Specialists are a Pain

Specialists are very useful. They are also a pain. It is great to have the experts around when we need them. But specialists are also add painful management overhead. I accept I have to do it but I wish I didn’t.

I’m going to look at three situations where I’ve had to deal with specialists and explain what I did:

  • Drowning in specialists
  • Front / Back end developers
  • Part time external specialists

Drowning in specialists

I have worked in an highly unionised environment and one of the side effects of this is that there are many specialist job titles. In one department I have worked with job titles included:

  • Information Architect
  • User Experience Designer
  • User Experience Developer
  • Client Side Developer
  • Software Engineer

These roles were responsible for, in order, wireframes, graphical design, html and css, javascript and finally server side code. So the software development workflow had to go through at least five pairs of hands for any user story.

This is not, by any stretch of the imagination, efficient. And the real irony is that the people in those roles knew they could do the jobs of some of the other roles, but they weren’t allowed to. Crazy. But even crazy is workable. Those specialist roles reflected steps in a workflow so I made that visible with a Kanban board and went from there.

Despite the fact you can make anything work more general roles are much better. You are, however, unlikely to find somebody who can do all of the roles above well. But I have, for example, had “front end developers” who were responsible for the user interface from wireframe to html and css. They also sometimes dabbled in javascript as well but tend to leave that to the software engineers. Essentially the front end developers concentrated on the “look” and the design of the “feel” (i.e. behaviour). The software engineers implemented the “feel”.

Front / Back end developers

Despite my hope for universal developers I always find myself with two types: front end and back end. The skills are different and as time marches on the skills gap just gets greater. They are different types of developers.

I could have a process that separated out front end and back end work. But which goes first? My observation is that sometimes the front end is first. Sometimes the back end. Sometimes they start together. And regardless of who starts the card always bounces between the two types of developer. I could try and model that in my process but that would be, well, painful.

So despite that difference in skills I ignore the difference in my process. It makes it less painful. So when a card is in “Development in Progress” I don’t care whether it is a front end developer or a back end developer. The card moves to “Development Done” when both types of developer are finished with it.

Part time external specialists

Then there are the part time specialists. You’ve got a team of developers but every now and then you need a skill that isn’t in the team. For example, you need a UX person occasionally. Or you need a database expert at certain times. They are a scarce resource, kept in a central pool, and you have to go begging to get hold of them. That is a pain.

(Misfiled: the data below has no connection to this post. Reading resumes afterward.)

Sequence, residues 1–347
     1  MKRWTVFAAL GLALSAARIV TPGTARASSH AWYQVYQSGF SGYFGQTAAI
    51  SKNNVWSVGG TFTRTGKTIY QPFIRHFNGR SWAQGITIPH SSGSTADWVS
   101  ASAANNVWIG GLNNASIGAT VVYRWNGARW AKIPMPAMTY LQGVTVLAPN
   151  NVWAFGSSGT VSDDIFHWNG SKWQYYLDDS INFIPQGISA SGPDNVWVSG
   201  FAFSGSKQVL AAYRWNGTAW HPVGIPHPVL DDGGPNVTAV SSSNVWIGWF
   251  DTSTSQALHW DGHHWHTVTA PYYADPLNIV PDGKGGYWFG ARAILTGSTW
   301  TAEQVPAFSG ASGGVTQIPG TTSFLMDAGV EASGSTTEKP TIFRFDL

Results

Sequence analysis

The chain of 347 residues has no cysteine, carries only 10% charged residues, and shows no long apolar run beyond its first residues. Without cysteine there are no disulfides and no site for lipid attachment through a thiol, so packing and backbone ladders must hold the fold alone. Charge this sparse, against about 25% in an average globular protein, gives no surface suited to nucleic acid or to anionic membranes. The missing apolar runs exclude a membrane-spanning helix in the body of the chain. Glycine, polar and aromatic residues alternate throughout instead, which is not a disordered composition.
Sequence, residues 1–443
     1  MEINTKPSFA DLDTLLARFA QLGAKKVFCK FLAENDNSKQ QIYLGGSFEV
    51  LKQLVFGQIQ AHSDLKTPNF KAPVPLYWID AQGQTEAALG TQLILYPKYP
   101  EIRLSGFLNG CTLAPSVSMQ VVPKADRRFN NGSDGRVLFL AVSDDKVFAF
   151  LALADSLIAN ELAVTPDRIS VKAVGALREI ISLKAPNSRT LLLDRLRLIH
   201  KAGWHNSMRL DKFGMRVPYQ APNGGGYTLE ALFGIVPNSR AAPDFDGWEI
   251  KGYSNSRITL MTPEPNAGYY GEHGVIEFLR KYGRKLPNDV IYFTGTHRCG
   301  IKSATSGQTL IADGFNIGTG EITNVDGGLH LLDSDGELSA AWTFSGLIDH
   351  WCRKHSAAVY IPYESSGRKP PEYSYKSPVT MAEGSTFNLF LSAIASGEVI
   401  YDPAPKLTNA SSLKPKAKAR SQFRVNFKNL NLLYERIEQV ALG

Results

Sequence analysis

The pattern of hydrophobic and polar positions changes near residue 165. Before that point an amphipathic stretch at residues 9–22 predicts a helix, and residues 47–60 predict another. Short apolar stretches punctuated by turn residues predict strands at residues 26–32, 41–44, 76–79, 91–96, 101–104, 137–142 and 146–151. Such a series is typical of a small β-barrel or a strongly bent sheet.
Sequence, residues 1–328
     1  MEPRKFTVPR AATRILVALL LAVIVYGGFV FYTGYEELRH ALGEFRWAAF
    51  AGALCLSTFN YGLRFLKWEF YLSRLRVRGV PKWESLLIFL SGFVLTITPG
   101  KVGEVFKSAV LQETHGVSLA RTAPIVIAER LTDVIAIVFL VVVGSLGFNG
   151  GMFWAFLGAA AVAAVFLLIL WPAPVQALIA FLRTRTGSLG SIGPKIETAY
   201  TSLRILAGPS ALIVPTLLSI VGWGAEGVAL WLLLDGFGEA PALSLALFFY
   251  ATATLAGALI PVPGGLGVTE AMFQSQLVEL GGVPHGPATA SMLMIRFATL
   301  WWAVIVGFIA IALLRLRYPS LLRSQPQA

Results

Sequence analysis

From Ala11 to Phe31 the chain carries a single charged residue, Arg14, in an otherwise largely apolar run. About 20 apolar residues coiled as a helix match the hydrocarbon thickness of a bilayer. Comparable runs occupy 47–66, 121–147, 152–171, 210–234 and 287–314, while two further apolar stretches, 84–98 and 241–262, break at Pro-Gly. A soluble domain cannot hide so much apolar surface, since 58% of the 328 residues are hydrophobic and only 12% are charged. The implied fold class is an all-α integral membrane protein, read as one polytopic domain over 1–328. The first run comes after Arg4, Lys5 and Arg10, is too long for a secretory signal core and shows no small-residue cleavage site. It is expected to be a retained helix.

Generally I try to become self-sufficient in these skills so I don’t have to call upon the central pool. There are a few things I recommend trying:

  • Make do with a lower level of skill. If the scarce resource is UX I’ll try to get enough UX expertise in the team to get by without a specialist. This is more possible if the system already exists and the developers are just producing “more of the same” in terms of UX.
  • Use existing skills in the team. You can find that people on your team already have the scarce skills – they might be as good as the specialists. For example the tech lead often has adequate database administration ability.
  • Hire your own. In one case I ignored the central team and hired two specialists to be full time on my team. Happened to be UX folk. Ironically this suited the central UX team as they were already busy and my project wasn’t interesting to them.

But often I don’t have a choice and have to use those externals. In this situation I try to use them in a way that doesn’t slow down the team. Normally that means including the specialist’s intervention as part of the heartbeat. For example

  • One of my teams has a part time UX guy who is available on Friday. The team makes sure anything with a critical interaction goes to him before the developers get to it – but it has to happen on a Friday.
  • In another case one of my teams had a strong interdependency with the business intelligence (BI) team. Most of the features coming out of my development team had an impact in BI land. BI could block my releases. So we agreed that when tickets got to a certain point in the development process then BI would start the work to handle / process / accept the ticket. We brought that point as far forward in the development process as we could. The formal touch point became part of the heartbeat for the wider development organisation.

You cannot, and should not, do away with specialists but do try to minimise which parts of your process demand a specialist.